Wednesday, February 1, 2017

Will Trump/Bannon End in Ruin?

Today Jonah Goldberg writes that President Trump is following the Bannon way of politics and it will all end in ruin.
The Bannon Way might work on the campaign trail, but it doesn’t translate into good governance.
The problem is that Democrats have been going the Bannon way since Al Gore un-conceded the 2000 presidential election, and every Subaru Outback for the next four years sported a "Redefeat Bush" bumper sticker. You could say that smash-mouth politics is in their DNA because Democrats all, more or less, believe in the religion of activism, to "peacefully protest" their grievances in marches and demonstrations. That means, in the word of President Obama, getting in their faces and punching back twice as hard.

For as long as I can remember Republicans and conservatives have decided not to go the punching back way, because well, because we should resolve our differences peacefully.

I don't know how that works out for Republican politicians and notables, including media notables like Jonah Goldberg, but clearly, over the last eight years, the conservative base has had it.

That's what the Tea Party was about. That's what the 2010 election was about. That is what the 2014 election was about. And that is what all the talk about RINOs and squishes and GOPe and cuckservatives has been about.

In the 2016 presidential election, we saw, the only candidates that got traction were the ones promising to take it to the Washington establishment. Only the guy that thought he was going to get the anti-establishment vote, Ted Cruz, came up short because Donald Trump was much better playing the role of the anti-establishment candidate.

So now we have Donald Trump as president and he is going for the establishment 24-7. Which is pretty well what his supporters were voting for.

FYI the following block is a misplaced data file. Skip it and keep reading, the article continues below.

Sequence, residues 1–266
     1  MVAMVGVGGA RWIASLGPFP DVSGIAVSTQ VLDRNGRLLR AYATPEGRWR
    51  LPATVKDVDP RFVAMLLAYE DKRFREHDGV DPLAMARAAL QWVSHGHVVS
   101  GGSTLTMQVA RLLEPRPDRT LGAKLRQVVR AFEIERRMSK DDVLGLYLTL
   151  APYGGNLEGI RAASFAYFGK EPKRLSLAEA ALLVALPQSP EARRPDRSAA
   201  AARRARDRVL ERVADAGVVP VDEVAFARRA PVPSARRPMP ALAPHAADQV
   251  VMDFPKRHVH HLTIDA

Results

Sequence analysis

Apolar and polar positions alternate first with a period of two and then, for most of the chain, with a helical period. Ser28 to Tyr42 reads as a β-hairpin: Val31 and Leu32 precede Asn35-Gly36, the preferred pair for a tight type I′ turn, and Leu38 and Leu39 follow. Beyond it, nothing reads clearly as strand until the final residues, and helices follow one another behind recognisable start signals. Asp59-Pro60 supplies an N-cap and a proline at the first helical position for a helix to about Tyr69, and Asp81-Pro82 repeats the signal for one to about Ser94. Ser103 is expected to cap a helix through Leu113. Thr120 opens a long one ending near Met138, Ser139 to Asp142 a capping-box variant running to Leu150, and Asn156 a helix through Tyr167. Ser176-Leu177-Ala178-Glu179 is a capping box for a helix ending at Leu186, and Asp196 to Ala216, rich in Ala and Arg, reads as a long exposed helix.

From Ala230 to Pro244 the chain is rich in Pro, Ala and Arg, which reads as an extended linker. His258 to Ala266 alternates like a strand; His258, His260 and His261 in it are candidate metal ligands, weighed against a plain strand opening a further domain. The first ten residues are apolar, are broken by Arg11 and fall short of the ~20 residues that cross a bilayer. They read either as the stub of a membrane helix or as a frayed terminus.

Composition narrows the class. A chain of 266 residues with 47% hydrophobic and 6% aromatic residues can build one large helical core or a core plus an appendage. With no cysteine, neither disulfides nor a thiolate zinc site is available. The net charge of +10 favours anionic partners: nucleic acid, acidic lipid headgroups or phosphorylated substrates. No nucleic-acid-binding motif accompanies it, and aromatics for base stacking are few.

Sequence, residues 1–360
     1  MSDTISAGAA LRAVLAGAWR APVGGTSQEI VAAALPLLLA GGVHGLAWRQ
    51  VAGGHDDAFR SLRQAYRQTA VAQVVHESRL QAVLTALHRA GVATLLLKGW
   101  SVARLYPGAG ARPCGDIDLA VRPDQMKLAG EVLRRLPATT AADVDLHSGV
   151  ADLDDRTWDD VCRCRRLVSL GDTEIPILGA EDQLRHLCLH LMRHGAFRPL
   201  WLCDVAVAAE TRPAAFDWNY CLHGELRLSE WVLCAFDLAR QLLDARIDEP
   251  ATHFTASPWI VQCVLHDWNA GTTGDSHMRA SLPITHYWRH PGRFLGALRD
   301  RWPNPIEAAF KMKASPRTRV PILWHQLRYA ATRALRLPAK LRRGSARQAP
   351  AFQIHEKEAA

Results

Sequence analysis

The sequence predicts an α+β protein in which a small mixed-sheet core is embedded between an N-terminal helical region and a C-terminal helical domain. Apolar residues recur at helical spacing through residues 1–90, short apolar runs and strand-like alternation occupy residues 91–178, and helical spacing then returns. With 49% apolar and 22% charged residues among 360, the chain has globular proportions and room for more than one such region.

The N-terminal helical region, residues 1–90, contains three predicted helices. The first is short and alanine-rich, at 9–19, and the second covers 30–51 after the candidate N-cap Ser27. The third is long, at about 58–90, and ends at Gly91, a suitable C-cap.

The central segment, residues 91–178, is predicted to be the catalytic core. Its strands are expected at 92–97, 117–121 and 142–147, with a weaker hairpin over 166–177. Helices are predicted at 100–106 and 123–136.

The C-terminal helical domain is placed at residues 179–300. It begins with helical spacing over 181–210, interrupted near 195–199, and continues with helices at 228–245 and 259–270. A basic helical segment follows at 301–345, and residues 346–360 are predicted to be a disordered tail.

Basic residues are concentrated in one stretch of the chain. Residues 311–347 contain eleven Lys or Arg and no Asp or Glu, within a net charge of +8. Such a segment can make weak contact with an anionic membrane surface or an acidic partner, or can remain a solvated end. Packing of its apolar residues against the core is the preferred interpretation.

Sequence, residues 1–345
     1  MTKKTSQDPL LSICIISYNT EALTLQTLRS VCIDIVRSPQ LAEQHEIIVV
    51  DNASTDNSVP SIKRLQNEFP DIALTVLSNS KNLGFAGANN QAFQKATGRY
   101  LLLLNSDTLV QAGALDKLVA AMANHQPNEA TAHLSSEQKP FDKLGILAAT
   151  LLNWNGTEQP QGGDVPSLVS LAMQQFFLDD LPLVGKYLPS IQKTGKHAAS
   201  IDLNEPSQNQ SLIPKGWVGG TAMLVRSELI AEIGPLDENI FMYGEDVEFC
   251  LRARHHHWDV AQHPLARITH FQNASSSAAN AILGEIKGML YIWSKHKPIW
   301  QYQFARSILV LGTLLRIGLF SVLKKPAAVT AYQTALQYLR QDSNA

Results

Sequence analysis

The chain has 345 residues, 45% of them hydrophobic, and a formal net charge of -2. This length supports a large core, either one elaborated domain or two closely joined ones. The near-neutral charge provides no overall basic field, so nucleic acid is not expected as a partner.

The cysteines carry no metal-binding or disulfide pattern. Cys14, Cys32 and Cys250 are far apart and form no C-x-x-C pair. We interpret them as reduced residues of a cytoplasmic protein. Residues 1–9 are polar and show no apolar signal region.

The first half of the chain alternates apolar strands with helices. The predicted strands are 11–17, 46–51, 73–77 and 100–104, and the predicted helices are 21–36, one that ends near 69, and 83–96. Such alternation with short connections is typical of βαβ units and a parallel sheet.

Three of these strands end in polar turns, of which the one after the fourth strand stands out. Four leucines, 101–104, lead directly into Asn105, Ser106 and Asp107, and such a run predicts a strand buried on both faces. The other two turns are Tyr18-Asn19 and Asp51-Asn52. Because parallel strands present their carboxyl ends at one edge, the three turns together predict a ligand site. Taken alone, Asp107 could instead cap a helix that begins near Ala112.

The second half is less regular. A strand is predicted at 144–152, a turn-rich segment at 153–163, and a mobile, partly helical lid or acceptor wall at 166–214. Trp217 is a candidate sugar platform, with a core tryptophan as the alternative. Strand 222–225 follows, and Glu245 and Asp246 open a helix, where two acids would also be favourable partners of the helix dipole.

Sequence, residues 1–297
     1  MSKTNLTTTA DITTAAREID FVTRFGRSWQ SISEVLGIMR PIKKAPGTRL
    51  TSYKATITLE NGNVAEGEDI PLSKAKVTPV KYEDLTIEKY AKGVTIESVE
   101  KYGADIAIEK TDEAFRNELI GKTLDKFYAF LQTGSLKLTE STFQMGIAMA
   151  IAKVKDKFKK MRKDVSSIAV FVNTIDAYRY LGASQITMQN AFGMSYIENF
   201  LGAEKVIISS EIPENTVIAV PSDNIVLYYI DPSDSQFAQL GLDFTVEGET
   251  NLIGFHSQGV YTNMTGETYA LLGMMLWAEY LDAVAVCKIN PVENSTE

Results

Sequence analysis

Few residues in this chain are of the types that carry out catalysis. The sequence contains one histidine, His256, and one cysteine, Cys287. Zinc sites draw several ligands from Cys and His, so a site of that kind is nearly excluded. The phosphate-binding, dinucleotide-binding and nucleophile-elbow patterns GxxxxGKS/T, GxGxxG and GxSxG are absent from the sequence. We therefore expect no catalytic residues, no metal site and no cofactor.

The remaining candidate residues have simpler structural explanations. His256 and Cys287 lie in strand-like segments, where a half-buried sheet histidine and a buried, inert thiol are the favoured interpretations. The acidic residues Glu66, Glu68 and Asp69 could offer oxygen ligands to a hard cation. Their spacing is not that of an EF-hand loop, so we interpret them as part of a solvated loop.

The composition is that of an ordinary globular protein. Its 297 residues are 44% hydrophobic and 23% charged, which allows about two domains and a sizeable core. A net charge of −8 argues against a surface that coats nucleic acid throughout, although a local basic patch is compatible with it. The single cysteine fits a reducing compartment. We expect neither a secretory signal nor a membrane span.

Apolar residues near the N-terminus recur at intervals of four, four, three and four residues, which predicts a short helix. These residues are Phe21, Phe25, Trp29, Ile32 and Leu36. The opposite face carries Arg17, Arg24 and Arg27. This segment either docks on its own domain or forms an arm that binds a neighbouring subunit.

Will it work? Nobody knows. All we know is that the old collegiate Republican party got hornswaggled by the liberal/Democrat/activist activist machine.

But here are a few ideas from my reading about conflict to give you hope.

First of all, the importance of acting. In the Franco-Prussian War the subaltern Prussian officers had been trained to a culture of acting now. It got them into a number of problems tactically, but it didn't stop them from winning the battles and the war. Ever since, military culture has moved more and more towards pushing responsibility for action down to the lowest level possible. Right through World War II the Germans were the leaders in this.

Second, the OODA loop, invented by US Col. John Boyd. OODA means Observe, Orient, Decide, Act, and then repeat. That is what every economic or political or economic or military actor does. But the key is to do it faster than the opposition. That is how you will battles, wars, market share, and elections. By running your OODA loop faster than the opposition so that they are confused about what is happening and why.

Now, Jonah Goldberg is worried about the reckless way in which Donald Trump, advised by Steve Bannon, launched into the "Muslim Ban" without proper preparation and consultation. And he may be right. But the OODA loop philosophy says that you shouldn't worry too much about getting things right the first time. The important thing is to act, and get ahead of your opposition.

And really, what in the world is Goldberg thinking when he writes about "good governance." There is no such thing as good governance, certainly not in a big government society where government chews up 35-40 percent of GDP to hand out to its followers. Government is a train wreck, always and everywhere. That is why it is important for people trying to deal with government to act, and act fast, in the knowledge that the government blob is slow to act and react.

Nobody knows how all this will turn out. All we know is that the old way wasn't working and that the GOP base and the Trump voters despaired of the old way and wanted someone to get in the face of the establishment and tell 'em to put it where the sun don't shine.

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